More accurate and safer computer-assisted knee surgeries changing lives

  • Rhythma Kaul and Humaira Ansari, Hindustan Times
  • Updated: Mar 06, 2016 13:30 IST
Computerised assistance is helping surgeons position knee implants at near-perfect angles, improving the outcome of procedures, says Dr Yash Gulati of New Delhi’s Apollo Hospital. (Saumya Khandelwal/ HT)

For Albert Colaco, 84, being able to stand, walk, sleep and cycle again, is nothing short of a ‘miracle’.

Diagnosed with severe osteoarthritis in both knees, he could barely walk 50 metres at a stretch, until he underwent computer-assisted total knee replacement surgery at Mumbai’s Jaslok Hospital eight months ago.

He was able to stand the same day, and was discharged on day four. His surgeon Dr Ameet Pispati attributes this, in part, to the fact that the surgery was computerised-surgery.

“At Colaco’s age, surgeries are usually risky. But since all his vitals — blood pressure, sugar and haemoglobin levels — were normal, we decided to go ahead,” he says. “Because it was a computerised surgery, he was able to recover quickly and resume his routine. ” 

(Vidya Subramanian/HT)

Orthopedic surgeons across India are finding that, as the technology improves, computer-assisted surgeries are offering even greater benefits to patients — benefits that have also been outlined in a 2015 study that analysed 57 knee-replacement cases at Delhi’s All India Institute of Medical Sciences.

“Computer-assisted surgeries are not only more accurate but also safer. Additional benefits include shorter hospital stays, less blood loss and a reduced risk of post-surgery complications,” says Dr Rajesh Malhotra of the AIIMS orthopaedics department, who led the research team.

The study, which was published in Journal of Bone and Joint Surgery, explored how computerisation reduced the risk of life-threatening emboli or clot formations that sometimes resulted from the cutting of bone as done in conventional surgery.

Read: Keep knee arthritis at bay

“In a computerised surgery, surgeons can cut the bone at accurate angles and balance the soft tissue around the knee area. This helps in achieving better knee alignment too,” adds Dr Tejas Upasni, a Mumbai-based orthopaedic surgeon. “It also quantifies the tension around the ligament to help the surgeon decide how much pressure he should apply during surgery.”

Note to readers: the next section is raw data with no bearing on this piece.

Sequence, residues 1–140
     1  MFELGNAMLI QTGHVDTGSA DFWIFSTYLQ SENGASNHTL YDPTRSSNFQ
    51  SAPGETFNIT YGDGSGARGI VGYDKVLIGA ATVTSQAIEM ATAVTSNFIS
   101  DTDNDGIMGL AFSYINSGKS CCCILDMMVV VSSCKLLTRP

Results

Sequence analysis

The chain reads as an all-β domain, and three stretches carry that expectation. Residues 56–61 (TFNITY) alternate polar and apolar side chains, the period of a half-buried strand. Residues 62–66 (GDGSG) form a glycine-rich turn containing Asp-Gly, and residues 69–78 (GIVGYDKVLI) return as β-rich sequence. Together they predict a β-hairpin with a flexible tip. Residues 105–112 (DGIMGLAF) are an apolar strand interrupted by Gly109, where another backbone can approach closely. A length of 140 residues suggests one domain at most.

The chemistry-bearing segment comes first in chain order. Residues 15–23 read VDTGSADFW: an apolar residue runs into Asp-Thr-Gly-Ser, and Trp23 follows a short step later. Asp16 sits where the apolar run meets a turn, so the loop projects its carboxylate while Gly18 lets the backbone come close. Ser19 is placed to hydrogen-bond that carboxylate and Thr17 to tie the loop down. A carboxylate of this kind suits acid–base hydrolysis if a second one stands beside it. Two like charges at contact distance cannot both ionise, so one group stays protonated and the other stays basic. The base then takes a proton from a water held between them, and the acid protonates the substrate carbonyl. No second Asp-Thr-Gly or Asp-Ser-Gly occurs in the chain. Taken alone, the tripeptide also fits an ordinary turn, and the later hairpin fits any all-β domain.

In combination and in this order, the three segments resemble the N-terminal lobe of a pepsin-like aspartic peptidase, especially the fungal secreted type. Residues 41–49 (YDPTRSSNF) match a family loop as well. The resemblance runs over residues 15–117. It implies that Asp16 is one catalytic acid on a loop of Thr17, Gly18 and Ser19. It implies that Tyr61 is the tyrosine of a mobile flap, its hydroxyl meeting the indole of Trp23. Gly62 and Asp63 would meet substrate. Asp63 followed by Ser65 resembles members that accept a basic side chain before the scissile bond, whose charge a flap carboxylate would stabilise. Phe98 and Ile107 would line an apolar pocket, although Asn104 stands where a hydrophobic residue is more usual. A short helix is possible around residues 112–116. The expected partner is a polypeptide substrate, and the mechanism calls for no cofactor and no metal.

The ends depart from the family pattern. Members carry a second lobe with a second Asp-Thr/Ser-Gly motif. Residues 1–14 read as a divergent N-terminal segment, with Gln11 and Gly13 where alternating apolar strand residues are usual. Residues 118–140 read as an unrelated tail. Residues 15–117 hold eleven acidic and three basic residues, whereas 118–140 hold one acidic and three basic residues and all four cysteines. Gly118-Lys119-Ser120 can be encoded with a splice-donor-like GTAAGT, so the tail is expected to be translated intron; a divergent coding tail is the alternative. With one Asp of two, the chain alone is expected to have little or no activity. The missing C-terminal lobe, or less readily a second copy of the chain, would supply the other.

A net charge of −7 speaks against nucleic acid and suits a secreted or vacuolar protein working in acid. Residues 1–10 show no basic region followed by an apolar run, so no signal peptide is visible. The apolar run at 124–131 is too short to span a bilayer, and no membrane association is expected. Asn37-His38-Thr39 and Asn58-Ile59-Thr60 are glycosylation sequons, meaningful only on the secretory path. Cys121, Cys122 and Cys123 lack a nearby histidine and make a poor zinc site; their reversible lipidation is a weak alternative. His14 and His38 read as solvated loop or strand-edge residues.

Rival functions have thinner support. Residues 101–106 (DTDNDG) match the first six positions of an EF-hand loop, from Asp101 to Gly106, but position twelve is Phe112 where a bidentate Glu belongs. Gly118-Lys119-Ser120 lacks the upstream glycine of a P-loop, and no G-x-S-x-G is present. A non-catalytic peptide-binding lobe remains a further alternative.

This kind of advancement is also encouraging patients to overcome their fear and go under the knife to improve their quality of life.

Delhi-based artist Manu Parek, 76, for instance, opted for knee replacement after an x-ray revealed that his arthritis had reached an advanced stage.

“Driving had become very painful,” says Parekh. “So had standing for long hours, which I need to do daily to complete my paintings.”

(Ravi Choudhary//HT)

His condition was bad; the only way to improve his quality of life was to have both his knees replaced, says Dr Rajgopal, chairman of Medanta Hospital’s Bone and Joint Institute.

Today, as a result of the surgery, Parekh is up on his feet, walking, painting and travelling again.

“Studies have indicated that more than 90% of patients who have had total knee replacement surgery experience dramatic reductions in knee pain and a significant improvement in quality of life,” adds Dr Rajgopal. “This is even more true for those undergoing computerised knee replacement surgery.”

New Delhi’s Indraprastha Apollo Hospital, for instance, is using the gyroscope technology — where disc-shaped equipment with a free axis of rotation helps surgeons position knee implants at near-perfect angles and orientations.

“The shelf life of an implant in a knee replacement procedure depends on how well the implant is aligned with the bone. The gyroscope technique helps immensely in this,” says Dr Yash Gulati, senior orthopaedic and joint reconstruction surgeon at the hospital.

While this is a case of a new kind of computerised equipment, similar degrees of improvement are coming to knee surgery via software upgrades. “The basic principle usually stays the same,” says Dr Malhotra of AIIMS. “The aim is to ensure that the implant is as well-aligned with the bone as possible. And different machines with their improved software are helping us achieve this alignment to a greater degree than ever before.”

* An average of 55,000 knee replacement surgeries are conducted in India annually

* 1,000 total knee replacement surgeries, using navigation-based technology, are performed at AIIMS every year

* Osteoarthritis, rheumatoid arthritis and damage to the knee in accidents are some of the main causes for knee replacement

* The average cost of surgery on both knees in a private hospital is Rs 4.5 lakh. In government hospitals, this cost can come down to Rs 1.5 lakh

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